As field training officers we have training expectations and we have training standards.  Can both of these be achieved simultaneously?

Recently, I spent some time in Salt Lake City, Utah with about 50 fantastic Field Training Supervisors. I was there for the NAFTO 2 day FTO Management class. During Day 1 we got carried away with a great conversation about the difference between meeting our training standards and meeting our training expectations.

You see, these are two very different concepts and our student officers will likely meet them both, and maybe even at the same time. Let me explain.

A new employee in the FTO program has a high standard to reach. Well, I mean they have a “minimal standard” to reach. For you, me and the FTO, those standards are rather low. However, from the student’s perception those standards are set rather high. It can be very intimidating to feel so far away from your desired goal of solo status. The standard(s) that most of us have set for our new employee to reach upon graduation is known as “First Day Solo Capable”.  In other words, they will possess the bare minimum skills sets to manage their first day alone on the street, in the corrections center or wearing the headset for communications.  No more Field Training. The newly graduated officer now looks to mentors, peers and supervisors for assistance and guidance.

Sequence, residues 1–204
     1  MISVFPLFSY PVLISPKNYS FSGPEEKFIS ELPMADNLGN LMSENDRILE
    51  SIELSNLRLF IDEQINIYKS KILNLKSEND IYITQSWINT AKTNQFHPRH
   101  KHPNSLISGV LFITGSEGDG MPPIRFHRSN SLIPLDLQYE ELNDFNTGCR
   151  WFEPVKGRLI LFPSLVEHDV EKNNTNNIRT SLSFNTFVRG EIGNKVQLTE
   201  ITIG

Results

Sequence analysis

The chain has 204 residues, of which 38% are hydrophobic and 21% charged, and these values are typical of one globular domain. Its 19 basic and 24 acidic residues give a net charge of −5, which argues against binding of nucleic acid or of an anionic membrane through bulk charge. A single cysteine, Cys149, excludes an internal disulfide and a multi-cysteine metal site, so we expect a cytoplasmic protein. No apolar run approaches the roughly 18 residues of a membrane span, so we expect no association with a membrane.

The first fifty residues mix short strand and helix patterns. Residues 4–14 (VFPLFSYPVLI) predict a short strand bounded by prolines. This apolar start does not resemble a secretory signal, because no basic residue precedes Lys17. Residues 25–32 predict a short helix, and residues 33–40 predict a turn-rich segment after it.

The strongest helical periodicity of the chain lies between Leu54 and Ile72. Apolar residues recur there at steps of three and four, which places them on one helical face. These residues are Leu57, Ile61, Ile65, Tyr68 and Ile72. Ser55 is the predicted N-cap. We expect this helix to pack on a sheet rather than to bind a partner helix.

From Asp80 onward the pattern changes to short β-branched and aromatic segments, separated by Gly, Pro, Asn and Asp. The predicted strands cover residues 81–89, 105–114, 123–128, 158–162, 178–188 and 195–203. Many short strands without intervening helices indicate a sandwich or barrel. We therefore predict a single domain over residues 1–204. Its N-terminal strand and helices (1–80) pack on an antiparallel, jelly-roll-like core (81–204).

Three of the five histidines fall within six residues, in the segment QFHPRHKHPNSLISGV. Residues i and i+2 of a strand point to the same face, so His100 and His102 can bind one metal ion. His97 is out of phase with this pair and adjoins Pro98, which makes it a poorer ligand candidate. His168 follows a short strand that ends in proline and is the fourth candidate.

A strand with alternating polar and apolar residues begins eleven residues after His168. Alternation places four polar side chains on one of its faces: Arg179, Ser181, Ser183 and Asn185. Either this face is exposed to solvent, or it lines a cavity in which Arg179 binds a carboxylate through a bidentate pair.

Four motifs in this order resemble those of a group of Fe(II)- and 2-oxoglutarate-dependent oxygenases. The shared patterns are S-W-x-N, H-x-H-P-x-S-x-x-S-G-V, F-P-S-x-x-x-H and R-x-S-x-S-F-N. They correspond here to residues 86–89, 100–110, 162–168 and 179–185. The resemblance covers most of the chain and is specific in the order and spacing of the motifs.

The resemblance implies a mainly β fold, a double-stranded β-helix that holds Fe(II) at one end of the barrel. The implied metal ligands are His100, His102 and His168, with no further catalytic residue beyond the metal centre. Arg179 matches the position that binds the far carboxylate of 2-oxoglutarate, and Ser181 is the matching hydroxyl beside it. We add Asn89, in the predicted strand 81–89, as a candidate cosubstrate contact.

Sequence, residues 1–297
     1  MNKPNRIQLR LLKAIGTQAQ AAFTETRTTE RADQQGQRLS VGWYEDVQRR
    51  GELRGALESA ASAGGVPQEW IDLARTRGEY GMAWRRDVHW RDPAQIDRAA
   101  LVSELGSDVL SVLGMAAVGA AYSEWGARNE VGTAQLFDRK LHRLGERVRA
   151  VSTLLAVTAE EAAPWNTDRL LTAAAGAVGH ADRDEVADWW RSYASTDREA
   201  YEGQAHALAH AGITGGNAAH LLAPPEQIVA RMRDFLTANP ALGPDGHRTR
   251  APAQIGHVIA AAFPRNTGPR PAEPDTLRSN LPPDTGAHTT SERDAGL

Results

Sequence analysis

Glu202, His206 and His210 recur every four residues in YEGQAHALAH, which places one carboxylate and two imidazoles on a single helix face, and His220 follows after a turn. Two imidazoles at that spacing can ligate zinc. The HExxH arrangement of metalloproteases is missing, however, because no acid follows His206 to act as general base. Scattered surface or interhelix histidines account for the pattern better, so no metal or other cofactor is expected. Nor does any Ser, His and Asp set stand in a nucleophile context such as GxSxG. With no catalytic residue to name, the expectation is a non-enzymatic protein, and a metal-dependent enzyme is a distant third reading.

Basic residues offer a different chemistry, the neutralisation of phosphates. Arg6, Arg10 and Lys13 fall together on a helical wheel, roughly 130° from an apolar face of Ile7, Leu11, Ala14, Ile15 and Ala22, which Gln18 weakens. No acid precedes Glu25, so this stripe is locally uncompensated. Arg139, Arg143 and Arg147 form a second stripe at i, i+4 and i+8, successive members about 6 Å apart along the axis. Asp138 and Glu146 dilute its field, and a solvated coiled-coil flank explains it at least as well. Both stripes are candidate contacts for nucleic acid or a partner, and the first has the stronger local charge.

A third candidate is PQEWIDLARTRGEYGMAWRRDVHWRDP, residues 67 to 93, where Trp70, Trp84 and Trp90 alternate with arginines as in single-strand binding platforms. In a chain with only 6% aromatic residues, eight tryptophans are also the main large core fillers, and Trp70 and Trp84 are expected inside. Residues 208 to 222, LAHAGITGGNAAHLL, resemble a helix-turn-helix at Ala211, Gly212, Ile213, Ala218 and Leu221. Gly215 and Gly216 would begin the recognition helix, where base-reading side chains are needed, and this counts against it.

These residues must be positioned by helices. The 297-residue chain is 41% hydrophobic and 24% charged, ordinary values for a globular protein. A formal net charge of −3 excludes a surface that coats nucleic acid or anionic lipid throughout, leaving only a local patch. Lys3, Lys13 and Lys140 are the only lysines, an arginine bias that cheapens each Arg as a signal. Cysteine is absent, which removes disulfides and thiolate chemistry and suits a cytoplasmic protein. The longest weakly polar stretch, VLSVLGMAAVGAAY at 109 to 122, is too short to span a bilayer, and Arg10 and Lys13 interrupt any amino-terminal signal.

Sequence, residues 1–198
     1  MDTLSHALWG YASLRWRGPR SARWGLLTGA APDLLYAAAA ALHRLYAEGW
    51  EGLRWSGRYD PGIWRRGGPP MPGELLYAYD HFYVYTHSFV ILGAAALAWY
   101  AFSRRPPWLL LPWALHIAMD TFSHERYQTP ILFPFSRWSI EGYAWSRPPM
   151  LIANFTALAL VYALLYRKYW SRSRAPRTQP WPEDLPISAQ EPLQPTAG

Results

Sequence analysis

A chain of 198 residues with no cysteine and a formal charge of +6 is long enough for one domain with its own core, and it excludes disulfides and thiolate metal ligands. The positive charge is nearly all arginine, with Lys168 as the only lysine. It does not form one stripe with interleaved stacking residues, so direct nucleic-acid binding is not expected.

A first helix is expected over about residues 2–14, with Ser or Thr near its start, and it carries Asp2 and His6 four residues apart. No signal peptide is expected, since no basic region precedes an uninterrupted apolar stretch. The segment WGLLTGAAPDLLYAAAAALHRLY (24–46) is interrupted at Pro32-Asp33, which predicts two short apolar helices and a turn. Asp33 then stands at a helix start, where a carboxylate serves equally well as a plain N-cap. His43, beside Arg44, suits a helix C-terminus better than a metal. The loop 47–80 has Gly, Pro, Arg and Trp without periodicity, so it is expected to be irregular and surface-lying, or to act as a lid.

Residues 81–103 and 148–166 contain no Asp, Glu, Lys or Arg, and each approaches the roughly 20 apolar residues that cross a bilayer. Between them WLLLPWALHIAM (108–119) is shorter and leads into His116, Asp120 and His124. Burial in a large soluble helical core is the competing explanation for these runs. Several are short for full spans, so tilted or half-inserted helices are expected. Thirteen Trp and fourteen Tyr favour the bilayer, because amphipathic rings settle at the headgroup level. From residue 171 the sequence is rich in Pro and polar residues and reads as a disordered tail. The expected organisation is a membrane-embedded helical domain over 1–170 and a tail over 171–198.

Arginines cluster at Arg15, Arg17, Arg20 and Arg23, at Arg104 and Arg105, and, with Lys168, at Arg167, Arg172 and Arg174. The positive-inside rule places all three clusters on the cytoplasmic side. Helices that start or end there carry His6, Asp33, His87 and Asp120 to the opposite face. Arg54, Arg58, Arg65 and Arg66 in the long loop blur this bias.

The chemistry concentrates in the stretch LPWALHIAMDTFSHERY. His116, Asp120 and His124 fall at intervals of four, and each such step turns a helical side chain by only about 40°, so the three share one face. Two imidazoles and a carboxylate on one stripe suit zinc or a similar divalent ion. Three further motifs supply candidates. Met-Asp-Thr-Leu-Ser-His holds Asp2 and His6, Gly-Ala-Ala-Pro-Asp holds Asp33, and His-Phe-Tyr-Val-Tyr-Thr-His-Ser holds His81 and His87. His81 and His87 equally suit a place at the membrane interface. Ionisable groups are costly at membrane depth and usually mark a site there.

However, beginning on Day 1 of training, they are usually nowhere near our standard. Our new officers will hit the streets with trainers connected at their hip. Young professionals absorbing information and experience like a sponge being filled from a fire hose. Their own personal performance will clearly be sub-standard. But this is actually encouraging. Here is where the trainer becomes motivator. You see, even though they do not meet graduation standards, they do meet our expectations. What else did we expect for Day 1 or Week 2 or Week 5 of their law enforcement career? The fact that they have struggled and stumbled and tripped should be no surprise to the educator. It should actually be a positive moment. To the Field Training Officer, every learning moment for the student is a teaching moment. This is a moment for the trainer to shine and make improvements. The gap between meeting expectation and meeting standards is where field training lives and thrives.

This can also be a calming idea for the new officer. We can tell them clearly, “No, you are not solo capable yet, but, you are right where we expected you to be.” Now, the student understands that they are not alone in the boat. Others have struggled like they currently do. They understand that the Field Training Officer is not overwhelmed or overreacting to their performance. They also know this is only their baseline. Correction, training, and improvement is on the way. There’s only one way to go from here……up.

One final word of warning to trainers. Meeting our expectations does not equal a “4” (for our San Jose trainers). The student’s performance will still likely be a sub-par rating compared to FDSC. But the longer they train and the more they improve, meeting our expectations will look more and more like meeting our standards.

Stay Safe

Sgt. Dan Greene
Chandler Police Department, AZ
FTO & NAFTO Trainer

Daniel Greene is a Sergeant with the Chandler Police Department in Chandler, AZ.  Dan is presently the Field Training Sergeant. Chandler Police Department employs over 320 police officers.  Dan is also a recipient of the 2017 ILEETA Trainer of the Year award. Read more about Dan…

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